The film is excellently acted. Guy Pearce once again paints the whole film with a multifaceted assortment of emotions; grief, anger, irony, whatever feeling or sensation that he displays is done wonderfully, not just with talent but with versatility, too. Carrie-Anne Moss and Joe Pantoliano (who both starred in 1999's The Matrix) provide fine supporting roles, as they trick and lie to Leonard for their own advantage. The characters in the film are all well illustrated; each one suffers from different things, but the most admirable concept (character-wise, that is) is that it's not all a matter of good and bad. Leonard Shelby is supposed to be the "hero" of the film, but it is clearly obvious that he is not entirely good. He has committed sins, he has done things no-one should ever have done. Likewise, the rest of the personages are not all wholly good or bad; rather, Nolan gives them a rather greyish tint, neither white nor black, meaning that we do not know whether what they're going to do next is going to be the right or the wrong thing.


Memento is essentially a tale about revenge, with a few noir elements thrown in. It's a story about violence and the consequences that it may bring, about what people often do in order to get vengeance. Leonard Shelby is a man devastated by his past. He's absolutely heartbroken, despaired, desperate and sorrowful. Above all, he feels the need to discover the man who murdered his wife and to kill the person who did it. But why even bother doing it, if he isn't going to remember? This is where the true message of the story lies. At times, it may be a bit too hard to decipher what Nolan really intends to communicate to us. Is he telling us that revenge is a good thing? Or is he, on the other hand, telling us that revenge only complicates things? Personally, I think I'd go for the latter. While we profoundly empathise with Leonard Shelby (we feel his excruciating pain and sense of loss), somehow we know that by taking revenge he is not doing the right thing. It is going to get him absolutely nowhere  - nowhere fruitful at least. We follow his quest for revenge with high interest, but, at the end of the day, we are all aware that he is not choosing the right path.   


The technical aspects of the film are mostly greatly polished; from the moody, dry cinematography of Wally Pfister to Dody Dorn's phenomenal editing and David Julian's score, it can be affirmed that every technical component is magnificently used for the benefit of the film.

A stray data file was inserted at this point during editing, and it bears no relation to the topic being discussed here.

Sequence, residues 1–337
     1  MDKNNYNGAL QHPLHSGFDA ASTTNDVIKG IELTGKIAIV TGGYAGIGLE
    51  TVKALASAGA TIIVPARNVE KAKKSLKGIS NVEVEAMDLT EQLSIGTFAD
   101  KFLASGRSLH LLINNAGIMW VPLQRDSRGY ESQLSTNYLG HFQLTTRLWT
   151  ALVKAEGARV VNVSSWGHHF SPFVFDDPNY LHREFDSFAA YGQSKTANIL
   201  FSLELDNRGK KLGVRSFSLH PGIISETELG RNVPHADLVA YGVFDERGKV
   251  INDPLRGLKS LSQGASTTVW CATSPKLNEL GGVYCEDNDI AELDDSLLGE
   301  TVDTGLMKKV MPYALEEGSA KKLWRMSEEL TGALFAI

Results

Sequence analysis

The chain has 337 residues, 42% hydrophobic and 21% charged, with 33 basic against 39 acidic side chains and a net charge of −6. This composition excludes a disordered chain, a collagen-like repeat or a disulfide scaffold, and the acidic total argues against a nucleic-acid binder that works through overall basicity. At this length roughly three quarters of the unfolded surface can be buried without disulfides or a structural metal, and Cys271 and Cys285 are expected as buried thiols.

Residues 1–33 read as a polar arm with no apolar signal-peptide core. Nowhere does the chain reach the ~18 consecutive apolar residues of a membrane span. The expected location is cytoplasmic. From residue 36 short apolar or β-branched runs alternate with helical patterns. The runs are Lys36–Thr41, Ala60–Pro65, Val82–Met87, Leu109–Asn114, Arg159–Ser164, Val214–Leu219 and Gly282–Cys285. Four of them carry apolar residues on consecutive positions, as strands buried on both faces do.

Without a doubt one of the most original and inventive films of all time, Memento is one of those films that, after watching it, you immediately feel the urge to see it again. Incredibly difficult to describe and mesmerising to regard, it is irritating for all the perplexity it crafts around the viewer's mind and fascinating for its uniqueness. Seldom has a film had such an impact on me, seldom has a film left me thinking, "This is it. This is what cinema should be like." There truly aren't sufficient words for me to describe the film.


Brilliantly directed and compellingly absorbing all the way through, Memento leaves you with a cerebral pancake as gigantic as Mount Everest. This is mainly due to the ending, in which the viewer won't be able to determine what to make of it. It's not that its badly told, it's just that its plainly complicated to interpret. Hundreds of theories, elucidations, assumptions and speculations have been made about the film, some of which seem to get you nowhere, on literally thousands of message boards across the Internet. The film, because of its convolution, bamboozles so much that it's impossible to understand it all within a first viewing. Because, if that is not the case, you must have an IQ of 327. Memento is a film worth seeing over and over again, because of its thematic and narrative density and richness. The joy we obtain from Memento does not arrive with the solution itself, but with the solving of it. A riveting experience, Memento proves to be eye-poppingly innovative and ingeniously stimulating. And in a time where originality is the main factor that the vast majority of Hollywood films seem to lack, Memento comes as a breath of fresh air. A labyrinthine masterpiece that is as psychologically worrying as it is incredible. Now... where was I?



Reviewed by The Third M?n, 2003